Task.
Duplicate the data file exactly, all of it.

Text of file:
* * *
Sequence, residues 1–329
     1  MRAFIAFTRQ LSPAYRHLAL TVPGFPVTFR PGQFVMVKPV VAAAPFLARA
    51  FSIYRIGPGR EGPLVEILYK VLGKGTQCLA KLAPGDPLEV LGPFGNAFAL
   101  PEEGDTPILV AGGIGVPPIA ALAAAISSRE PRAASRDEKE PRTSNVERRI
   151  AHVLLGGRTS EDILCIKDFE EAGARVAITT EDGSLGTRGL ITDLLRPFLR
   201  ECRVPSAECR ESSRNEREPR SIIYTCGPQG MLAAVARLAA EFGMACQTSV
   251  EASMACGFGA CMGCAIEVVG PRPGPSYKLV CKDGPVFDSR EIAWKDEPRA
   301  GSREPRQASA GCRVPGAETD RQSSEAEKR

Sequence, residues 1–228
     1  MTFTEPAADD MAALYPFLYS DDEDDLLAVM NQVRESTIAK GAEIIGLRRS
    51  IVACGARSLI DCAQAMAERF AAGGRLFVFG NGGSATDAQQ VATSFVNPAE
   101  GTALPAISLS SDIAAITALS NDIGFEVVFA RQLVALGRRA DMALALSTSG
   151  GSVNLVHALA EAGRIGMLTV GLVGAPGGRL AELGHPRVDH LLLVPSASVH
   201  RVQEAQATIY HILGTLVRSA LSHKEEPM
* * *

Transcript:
Sequence, residues 1–329
     1  MRAFIAFTRQ LSPAYRHLAL TVPGFPVTFR PGQFVMVKPV VAAAPFLARA
    51  FSIYRIGPGR EGPLVEILYK VLGKGTQCLA KLAPGDPLEV LGPFGNAFAL
   101  PEEGDTPILV AGGIGVPPIA ALAAAISSRE PRAASRDEKE PRTSNVERRI
   151  AHVLLGGRTS EDILCIKDFE EAGARVAITT EDGSLGTRGL ITDLLRPFLR
   201  ECRVPSAECR ESSRNEREPR SIIYTCGPQG MLAAVARLAA EFGMACQTSV
   251  EASMACGFGA CMGCAIEVVG PRPGPSYKLV CKDGPVFDSR EIAWKDEPRA
   301  GSREPRQASA GCRVPGAETD RQSSEAEKR

Sequence, residues 1–228
     1  MTFTEPAADD MAALYPFLYS DDEDDLLAVM NQVRESTIAK GAEIIGLRRS
    51  IVACGARSLI DCAQAMAERF AAGGRLFVFG NGGSATDAQQ VATSFVNPAE
   101  GTALPAISLS SDIAAITALS NDIGFEVVFA RQLVALGRRA DMALALSTSG
   151  GSVNLVHALA EAGRIGMLTV GLVGAPGGRL AELGHPRVDH LLLVPSASVH
   201  RVQEAQATIY HILGTLVRSA LSHKEEPM